MATHEMATICAL METHODS IN CHEMICAL ENGINEERING
This comprehensive, well organized and easy to read book presents concepts in a unified framework to establish a similarity in the methods of solutions and analysis of such diverse systems as algebraic equations, ordinary differential equations and partial differential equations. The distin-guishing feature of the book is the clear focus on analytical methods of solving equations. The text explains how the methods meant to elucidate linear problems can be extended to analyse nonlinear problems. The book also discusses in detail modern concepts like bifurcation theory and chaos.To attract engineering students to applied mathematics, the author explains the concepts in a clear, concise and straightforward manner, with the help of examples and analysis. The significance of analytical methods and concepts for the engineer/scientist interested in numerical applications is clearly brought out.Intended as a textbook for the postgraduate students in engineering, the book could also be of great help to the research students.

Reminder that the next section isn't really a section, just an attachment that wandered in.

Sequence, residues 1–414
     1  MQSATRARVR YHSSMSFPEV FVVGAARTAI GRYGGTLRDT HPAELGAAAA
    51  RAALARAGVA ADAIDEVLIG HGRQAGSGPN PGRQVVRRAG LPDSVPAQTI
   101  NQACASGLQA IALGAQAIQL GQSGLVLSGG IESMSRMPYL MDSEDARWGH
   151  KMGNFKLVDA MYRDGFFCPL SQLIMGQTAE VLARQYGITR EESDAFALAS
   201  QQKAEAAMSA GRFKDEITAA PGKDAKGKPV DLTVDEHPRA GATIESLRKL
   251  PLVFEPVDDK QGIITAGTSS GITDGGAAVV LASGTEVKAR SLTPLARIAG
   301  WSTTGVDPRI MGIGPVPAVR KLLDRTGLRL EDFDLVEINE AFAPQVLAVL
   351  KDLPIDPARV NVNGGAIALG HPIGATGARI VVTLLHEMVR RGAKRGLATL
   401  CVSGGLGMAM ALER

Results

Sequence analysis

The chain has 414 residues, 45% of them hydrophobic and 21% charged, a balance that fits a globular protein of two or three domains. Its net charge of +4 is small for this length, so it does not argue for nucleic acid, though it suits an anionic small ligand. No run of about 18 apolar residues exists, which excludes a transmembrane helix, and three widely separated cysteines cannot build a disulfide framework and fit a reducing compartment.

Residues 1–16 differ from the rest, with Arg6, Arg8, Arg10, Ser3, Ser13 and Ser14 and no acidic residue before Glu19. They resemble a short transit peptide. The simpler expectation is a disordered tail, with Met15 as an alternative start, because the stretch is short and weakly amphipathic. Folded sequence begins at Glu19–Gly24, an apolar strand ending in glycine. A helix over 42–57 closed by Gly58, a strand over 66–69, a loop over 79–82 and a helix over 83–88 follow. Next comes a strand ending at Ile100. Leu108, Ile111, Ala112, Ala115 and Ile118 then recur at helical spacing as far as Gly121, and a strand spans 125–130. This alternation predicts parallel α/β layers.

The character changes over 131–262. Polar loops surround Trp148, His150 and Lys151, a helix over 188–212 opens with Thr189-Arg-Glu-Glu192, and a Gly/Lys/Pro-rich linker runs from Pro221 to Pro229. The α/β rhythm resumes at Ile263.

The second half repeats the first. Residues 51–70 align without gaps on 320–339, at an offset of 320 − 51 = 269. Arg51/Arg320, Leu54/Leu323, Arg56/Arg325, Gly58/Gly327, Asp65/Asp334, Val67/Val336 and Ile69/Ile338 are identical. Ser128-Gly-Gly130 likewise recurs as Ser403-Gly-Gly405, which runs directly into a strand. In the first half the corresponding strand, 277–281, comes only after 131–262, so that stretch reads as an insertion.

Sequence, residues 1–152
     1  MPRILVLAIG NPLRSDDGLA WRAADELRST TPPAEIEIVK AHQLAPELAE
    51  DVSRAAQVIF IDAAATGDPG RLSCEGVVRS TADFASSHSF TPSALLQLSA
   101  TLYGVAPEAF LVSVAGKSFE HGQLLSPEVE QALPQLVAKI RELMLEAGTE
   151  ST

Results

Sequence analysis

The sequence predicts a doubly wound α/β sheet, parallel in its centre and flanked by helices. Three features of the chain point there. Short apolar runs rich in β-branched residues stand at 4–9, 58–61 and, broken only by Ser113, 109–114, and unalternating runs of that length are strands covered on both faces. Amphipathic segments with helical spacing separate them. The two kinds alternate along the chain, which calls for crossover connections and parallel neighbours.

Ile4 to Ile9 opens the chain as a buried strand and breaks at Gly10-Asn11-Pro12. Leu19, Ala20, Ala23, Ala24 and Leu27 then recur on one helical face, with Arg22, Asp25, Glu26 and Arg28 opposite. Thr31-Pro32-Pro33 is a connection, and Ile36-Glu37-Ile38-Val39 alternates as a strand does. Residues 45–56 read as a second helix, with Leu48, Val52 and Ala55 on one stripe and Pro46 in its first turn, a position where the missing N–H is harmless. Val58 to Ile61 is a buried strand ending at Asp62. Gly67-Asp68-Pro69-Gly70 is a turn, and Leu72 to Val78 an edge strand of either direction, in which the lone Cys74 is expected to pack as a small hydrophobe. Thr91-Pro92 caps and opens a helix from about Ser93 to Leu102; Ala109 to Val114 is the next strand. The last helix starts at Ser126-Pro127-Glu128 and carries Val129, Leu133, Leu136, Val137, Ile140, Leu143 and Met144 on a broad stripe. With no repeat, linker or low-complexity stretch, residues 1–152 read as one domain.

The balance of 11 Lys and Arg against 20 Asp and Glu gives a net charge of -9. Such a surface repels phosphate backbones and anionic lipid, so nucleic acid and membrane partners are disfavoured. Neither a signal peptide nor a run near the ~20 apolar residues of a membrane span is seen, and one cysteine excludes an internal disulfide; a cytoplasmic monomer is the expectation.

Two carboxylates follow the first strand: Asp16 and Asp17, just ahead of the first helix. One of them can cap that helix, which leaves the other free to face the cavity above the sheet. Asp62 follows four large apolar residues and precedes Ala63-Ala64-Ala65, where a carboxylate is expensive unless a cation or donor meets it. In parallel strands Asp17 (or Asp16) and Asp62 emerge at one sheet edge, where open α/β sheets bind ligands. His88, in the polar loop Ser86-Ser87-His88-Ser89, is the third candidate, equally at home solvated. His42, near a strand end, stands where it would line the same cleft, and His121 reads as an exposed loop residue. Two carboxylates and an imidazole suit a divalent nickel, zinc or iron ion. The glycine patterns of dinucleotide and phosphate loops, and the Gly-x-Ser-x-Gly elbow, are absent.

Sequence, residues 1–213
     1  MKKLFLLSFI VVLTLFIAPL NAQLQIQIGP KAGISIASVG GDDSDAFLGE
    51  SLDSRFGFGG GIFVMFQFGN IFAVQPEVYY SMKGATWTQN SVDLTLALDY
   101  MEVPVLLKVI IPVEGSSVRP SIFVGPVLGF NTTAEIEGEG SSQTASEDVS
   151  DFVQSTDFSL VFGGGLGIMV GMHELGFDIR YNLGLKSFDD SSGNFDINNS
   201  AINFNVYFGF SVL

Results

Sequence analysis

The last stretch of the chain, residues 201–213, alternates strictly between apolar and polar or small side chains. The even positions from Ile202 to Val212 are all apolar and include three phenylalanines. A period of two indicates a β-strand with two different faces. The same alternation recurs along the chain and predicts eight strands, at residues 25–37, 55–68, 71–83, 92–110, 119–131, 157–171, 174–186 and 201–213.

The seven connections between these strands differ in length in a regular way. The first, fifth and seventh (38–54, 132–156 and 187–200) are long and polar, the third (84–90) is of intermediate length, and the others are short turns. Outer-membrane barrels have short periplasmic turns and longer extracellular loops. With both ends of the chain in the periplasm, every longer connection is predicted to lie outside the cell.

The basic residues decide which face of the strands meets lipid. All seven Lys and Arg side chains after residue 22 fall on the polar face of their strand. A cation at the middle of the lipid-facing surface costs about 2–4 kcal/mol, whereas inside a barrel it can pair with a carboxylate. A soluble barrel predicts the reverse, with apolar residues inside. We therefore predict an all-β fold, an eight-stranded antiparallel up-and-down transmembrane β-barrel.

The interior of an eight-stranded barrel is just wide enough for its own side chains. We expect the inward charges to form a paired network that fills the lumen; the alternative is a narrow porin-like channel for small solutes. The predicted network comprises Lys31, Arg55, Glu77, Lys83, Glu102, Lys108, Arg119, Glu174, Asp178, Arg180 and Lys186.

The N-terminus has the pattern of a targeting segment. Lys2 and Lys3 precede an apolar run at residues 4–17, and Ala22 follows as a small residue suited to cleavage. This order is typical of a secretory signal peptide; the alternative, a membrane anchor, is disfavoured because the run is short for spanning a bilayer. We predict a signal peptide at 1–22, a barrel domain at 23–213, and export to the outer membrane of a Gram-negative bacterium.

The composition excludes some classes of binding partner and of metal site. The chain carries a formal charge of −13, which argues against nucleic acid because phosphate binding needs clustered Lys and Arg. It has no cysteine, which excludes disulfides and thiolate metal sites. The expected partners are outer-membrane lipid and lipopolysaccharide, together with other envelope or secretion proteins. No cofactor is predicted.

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algebraic equations arise attractor bifurcation diagram bifurcation point bifurcation theory boundary conditions chaotic Chapter chemical engineering coefficients complex concept Consider constant converge coordinates corresponding CSTR defined denoted dependent determined differential operator dimension discussed domain dynamical system eigenfunctions eigenvalue problem eigenvectors elliptic evolution Example finite fixed point Fourier transform geometric Green's function Green’s heat Hence independent variable infinite dimensional infinite number initial condition initial guess integral iterate limit cycle linear algebraic linear combination mathematical matrix maximum principles metric modelling nonlinear equations nonzero norm obtain occur one-dimensional ordinary differential equations orthogonal parabolic parameter partial differential equations period-doubling period-doubling bifurcation period-two periodic phase-plane reaction reactor representation represents satisfies scalar self-adjoint operator separation of variables sequence shown in Fig solving spatial stability Stakgold steady surface system behaviour Taking the inner-product temperature theorem trajectory two-dimensional unit circle unstable vector space Weinberger yields zero